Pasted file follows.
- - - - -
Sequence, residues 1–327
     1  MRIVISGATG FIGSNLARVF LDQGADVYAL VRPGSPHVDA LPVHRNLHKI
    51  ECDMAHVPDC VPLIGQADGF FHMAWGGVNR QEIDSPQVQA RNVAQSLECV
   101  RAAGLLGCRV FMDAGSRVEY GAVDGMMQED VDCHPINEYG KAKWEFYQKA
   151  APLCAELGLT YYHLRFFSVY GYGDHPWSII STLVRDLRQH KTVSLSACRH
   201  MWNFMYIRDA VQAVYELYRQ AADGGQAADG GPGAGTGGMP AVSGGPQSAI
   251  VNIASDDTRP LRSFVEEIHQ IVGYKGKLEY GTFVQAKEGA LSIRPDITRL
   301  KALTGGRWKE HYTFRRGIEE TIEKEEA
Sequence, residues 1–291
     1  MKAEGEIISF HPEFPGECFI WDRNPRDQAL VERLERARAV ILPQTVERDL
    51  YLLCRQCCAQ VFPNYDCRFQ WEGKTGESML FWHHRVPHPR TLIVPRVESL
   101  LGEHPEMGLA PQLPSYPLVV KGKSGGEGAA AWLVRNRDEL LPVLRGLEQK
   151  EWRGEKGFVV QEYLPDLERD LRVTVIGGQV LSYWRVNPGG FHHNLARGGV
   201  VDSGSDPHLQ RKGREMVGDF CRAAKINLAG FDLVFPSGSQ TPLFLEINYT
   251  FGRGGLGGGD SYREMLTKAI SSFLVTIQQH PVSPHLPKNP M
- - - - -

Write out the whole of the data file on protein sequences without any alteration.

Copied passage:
Sequence, residues 1–327
     1  MRIVISGATG FIGSNLARVF LDQGADVYAL VRPGSPHVDA LPVHRNLHKI
    51  ECDMAHVPDC VPLIGQADGF FHMAWGGVNR QEIDSPQVQA RNVAQSLECV
   101  RAAGLLGCRV FMDAGSRVEY GAVDGMMQED VDCHPINEYG KAKWEFYQKA
   151  APLCAELGLT YYHLRFFSVY GYGDHPWSII STLVRDLRQH KTVSLSACRH
   201  MWNFMYIRDA VQAVYELYRQ AADGGQAADG GPGAGTGGMP AVSGGPQSAI
   251  VNIASDDTRP LRSFVEEIHQ IVGYKGKLEY GTFVQAKEGA LSIRPDITRL
   301  KALTGGRWKE HYTFRRGIEE TIEKEEA
Sequence, residues 1–291
     1  MKAEGEIISF HPEFPGECFI WDRNPRDQAL VERLERARAV ILPQTVERDL
    51  YLLCRQCCAQ VFPNYDCRFQ WEGKTGESML FWHHRVPHPR TLIVPRVESL
   101  LGEHPEMGLA PQLPSYPLVV KGKSGGEGAA AWLVRNRDEL LPVLRGLEQK
   151  EWRGEKGFVV QEYLPDLERD LRVTVIGGQV LSYWRVNPGG FHHNLARGGV
   201  VDSGSDPHLQ RKGREMVGDF CRAAKINLAG FDLVFPSGSQ TPLFLEINYT
   251  FGRGGLGGGD SYREMLTKAI SSFLVTIQQH PVSPHLPKNP M